Cheam AH, Gill G, Zaicou C, 1992. Managing brome grass [Bromus diandrus and B. rigidus] in the wheat:lupin [Lupinus sp.] rotation. Journal of Agriculture, Western Australia, 33(3):95-99

Clapham AR, Tutin TG, Warburg EF, eds, 1952. Flora of the British Isles. Cambridge, UK: Cambridge University Press.

Cooper J, Moerkerk M, 2000. Bromus diandrus, Bromus rigidus. Weed ID/ Management. Australia. http://weedman.horsham.net.au/weeds/bromus_spp/bromus.htm.

Davis PH, 1988. Flora of Turkey and the east Aegean islands. Edinburgh, UK: University Press.

Esnault MA, Huon A, 1987. Morphological and caryological studies on Bromus rigidus and Bromus diandrus Roth: taxonomic relations. Bulletin de la Societe Botanique de France, Lettres Botaniques, 134(3):299-304

Fenni M, 1995. Seed longevity of Bromus rubens L. and Bromus rigidus Roth. Brighton crop protection conference: weeds. Proceedings of an international conference, Brighton, UK, 20-23 November 1995., Vol. 2:775-780; 9 ref.

Fenni M, Maillet J, Shakir AN, 2001. Floristic and agronomic aspects of cereal weeds in the Constantine high plains. Mededelingen - Faculteit Landbouwkundige en Toegepaste Biologische Wetenschappen, Universiteit Gent, 66(2b):797-801; 12 ref.

Gibbs Russel GE, Watson L, Koekemoer M, Smook L, Barker NP, Anderson HM, Dallwitz MJ, 1955. Grasses of Southern Africa. Memoirs of the Botanical Society of Southern Africa No.58. South Africa: Botanical Research Institute.

Gill GS, Bowran DG, 1990. Tolerance of wheat cultivars to metribuzin and implications for the control of Bromus diandrus and B. rigidus in Western Australia. Australian Journal of Experimental Agriculture, 30(3):373-378

Gill GS, Carstairs SA, 1988. Morphological, cytological and ecological discrimination of Bromus rigidus from Bromus diandrus. Weed Research, UK, 28(5):399-405

Gleason HA, Cronquist A, 1991. Manual of Vascular Plants of Northeastern United States and adjacent Canada. Second edition. New York, USA: The New York Botanical Garden.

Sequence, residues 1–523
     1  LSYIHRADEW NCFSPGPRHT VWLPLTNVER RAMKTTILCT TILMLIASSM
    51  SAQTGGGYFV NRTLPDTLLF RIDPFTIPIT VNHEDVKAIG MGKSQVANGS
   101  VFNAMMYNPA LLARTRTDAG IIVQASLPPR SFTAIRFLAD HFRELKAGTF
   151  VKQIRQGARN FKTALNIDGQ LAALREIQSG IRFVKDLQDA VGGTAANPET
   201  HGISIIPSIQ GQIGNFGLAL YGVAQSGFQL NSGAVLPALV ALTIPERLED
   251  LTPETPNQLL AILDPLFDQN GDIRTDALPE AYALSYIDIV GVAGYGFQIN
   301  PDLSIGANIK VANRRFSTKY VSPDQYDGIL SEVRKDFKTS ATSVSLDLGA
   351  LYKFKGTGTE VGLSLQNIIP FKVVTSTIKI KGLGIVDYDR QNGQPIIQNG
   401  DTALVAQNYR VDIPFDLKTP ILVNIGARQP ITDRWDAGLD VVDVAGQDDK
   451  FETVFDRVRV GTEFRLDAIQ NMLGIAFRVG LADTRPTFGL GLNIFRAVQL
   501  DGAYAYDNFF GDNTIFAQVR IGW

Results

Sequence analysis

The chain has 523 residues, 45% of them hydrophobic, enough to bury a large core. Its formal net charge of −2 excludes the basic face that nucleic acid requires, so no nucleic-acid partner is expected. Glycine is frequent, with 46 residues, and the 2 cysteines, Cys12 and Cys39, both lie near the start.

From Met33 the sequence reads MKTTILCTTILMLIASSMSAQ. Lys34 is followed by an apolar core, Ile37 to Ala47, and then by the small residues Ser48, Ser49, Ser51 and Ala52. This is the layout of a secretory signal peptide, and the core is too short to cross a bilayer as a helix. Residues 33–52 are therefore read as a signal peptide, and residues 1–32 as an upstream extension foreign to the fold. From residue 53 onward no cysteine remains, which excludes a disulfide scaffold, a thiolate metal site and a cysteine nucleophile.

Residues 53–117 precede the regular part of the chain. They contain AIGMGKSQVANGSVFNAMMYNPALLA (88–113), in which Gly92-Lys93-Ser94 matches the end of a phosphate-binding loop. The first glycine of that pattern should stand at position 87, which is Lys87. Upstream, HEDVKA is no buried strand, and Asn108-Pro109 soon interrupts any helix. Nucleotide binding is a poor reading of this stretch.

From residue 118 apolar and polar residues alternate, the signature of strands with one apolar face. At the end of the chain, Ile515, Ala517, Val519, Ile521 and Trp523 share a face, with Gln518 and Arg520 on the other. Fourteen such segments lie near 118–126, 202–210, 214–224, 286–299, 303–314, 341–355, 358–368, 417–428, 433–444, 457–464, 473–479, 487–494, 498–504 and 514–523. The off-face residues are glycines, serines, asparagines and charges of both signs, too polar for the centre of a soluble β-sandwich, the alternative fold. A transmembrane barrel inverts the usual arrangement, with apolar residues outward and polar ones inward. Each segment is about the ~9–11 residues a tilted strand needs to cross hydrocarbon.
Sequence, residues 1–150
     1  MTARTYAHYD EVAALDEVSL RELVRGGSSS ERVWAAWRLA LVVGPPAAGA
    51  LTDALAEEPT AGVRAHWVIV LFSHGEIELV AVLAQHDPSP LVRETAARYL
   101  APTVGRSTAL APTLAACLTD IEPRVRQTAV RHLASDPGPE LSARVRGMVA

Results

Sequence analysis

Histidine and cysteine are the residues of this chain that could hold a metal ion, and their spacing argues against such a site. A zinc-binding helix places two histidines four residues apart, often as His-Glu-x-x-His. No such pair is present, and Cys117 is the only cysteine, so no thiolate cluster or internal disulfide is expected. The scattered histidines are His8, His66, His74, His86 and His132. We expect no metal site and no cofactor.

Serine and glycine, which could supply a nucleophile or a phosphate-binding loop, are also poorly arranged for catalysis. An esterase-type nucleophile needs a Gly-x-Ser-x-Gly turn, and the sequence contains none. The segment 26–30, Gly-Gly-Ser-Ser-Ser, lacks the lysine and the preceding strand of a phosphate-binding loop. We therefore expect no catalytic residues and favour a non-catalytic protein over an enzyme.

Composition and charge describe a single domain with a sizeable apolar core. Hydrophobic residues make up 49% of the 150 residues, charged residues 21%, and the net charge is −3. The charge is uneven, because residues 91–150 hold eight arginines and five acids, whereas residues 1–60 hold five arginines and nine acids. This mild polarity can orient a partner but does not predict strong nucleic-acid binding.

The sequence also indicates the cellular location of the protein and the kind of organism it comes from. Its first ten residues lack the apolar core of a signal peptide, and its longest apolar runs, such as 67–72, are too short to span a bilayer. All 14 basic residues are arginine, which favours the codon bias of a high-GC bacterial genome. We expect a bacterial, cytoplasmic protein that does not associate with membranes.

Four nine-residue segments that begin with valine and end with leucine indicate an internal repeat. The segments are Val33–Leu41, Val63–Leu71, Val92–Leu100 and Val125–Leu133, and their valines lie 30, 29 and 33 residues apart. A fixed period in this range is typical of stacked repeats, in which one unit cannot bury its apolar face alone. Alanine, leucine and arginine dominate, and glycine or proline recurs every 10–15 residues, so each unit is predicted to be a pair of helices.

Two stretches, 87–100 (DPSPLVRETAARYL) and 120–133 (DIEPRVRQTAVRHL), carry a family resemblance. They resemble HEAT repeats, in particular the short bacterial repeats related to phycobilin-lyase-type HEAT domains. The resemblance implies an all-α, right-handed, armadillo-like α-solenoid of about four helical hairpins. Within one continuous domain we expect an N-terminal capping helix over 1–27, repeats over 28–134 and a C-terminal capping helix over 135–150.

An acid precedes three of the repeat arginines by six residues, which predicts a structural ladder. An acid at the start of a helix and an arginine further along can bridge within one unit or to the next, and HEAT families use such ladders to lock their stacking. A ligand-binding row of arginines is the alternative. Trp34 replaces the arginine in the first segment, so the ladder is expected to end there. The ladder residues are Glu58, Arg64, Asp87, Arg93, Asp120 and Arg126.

Gleichsner JA, Appleby AP, 1989. Effect of depth and duration of seed burial on ripgut brome (Bromus rigidus). Weed Science, 37(1):68-72

Groves RH, Shepherd RCH, Richardson RG, 1995. The biology of Australian weeds - volume 1. The biology of Australian weeds - volume 1., vi + 314 pp.; [ref. at ends of chapters].

Guinochet M, Vilmorin R de, 1984. Flore de France, Vols 1-5. Paris, France: Editions du CNRS.

Hamal A, 1993. Concurrence entre le blé dur (Triticum durum Desf.) et une communauté d’adventices dominée par le brome (Bromus rigidus Roth.) dans le Saïs (Maroc). Mémoire de 3ème Cycle, Institut Agronomique et Vétérinaire Hassan II, Rabat, Maroc.

Hamal A, Benbella M, Msatef Y, Bouhache M, Rzozi SB, 1998. Biological aspects of Bromus rigidus Roth, a weed of cereals in Morocco. Mededelingen - Faculteit Landbouwkundige en Toegepaste Biologische Wetenschappen, Universiteit Gent, 63(3a):813-815.

Hamal A, Benbella M, Rzozi SB, Bouhache M, Msatef Y, 2001. Cartography and geographical spread of the weedy bromes (Bromus spp.) of cereals in the Sais area of Morocco. Mededelingen - Faculteit Landbouwkundige en Toegepaste Biologische Wetenschappen, Universiteit Gent, 66(2b):761-768.

Hamal A, Benbella M, Rzozi SB, Bouhache M, Msatef Y, Bulcke R, 2000. Sulfosulfuron used for chemical control of Bromus rigidus in wheat in the Sais area of Morocco. Mededelingen - Faculteit Landbouwkundige en Toegepaste Biologische Wetenschappen, Universiteit Gent, 65(2a):59-67; 6 ref.

Hitchcock A, 1944. Poaceae. In: Abrams L, ed. Illustrated Flora of the Pacific States. 1. Ophioglossaceae to Aristolochiaceae. Stanford, California, USA: Stanford University Press, 103-255.

Hitchcock S, 1950. Manual of the Grasses of the United States. New York, USA: Dover Publications Inc.

Holm L, Pancho J, Herberger J, Plucknett D, 1979. A Geographical Atlas of World Weeds. New York, USA: John Wiley & Sons.

Holmgren A, Holmgren N, 1977. Poaceae. In Cronquist et al., eds. Intermountain Flora. Volume 6. The monocotyledons. New York, USA: Botanical Garden and Columbia University Press, 175-462.

Hussey BMJ, Keighery GJ, Coussens RD, Dodd J, Lloyd SG, 1997. Western weeds: A Guide of the Weeds of Western Australia. Perth, Australia: Plant Protection Society of Western Australia, 44-47.

Jahandiez E, Maire R, 1931. Catalogue des Plantes du Maroc. Algiers, Morocco: Minerva.

Jain SK, 1982. Variation and adaptive role of seed dormancy in some annual grassland species. Botanical Gazette, 143(1):101-106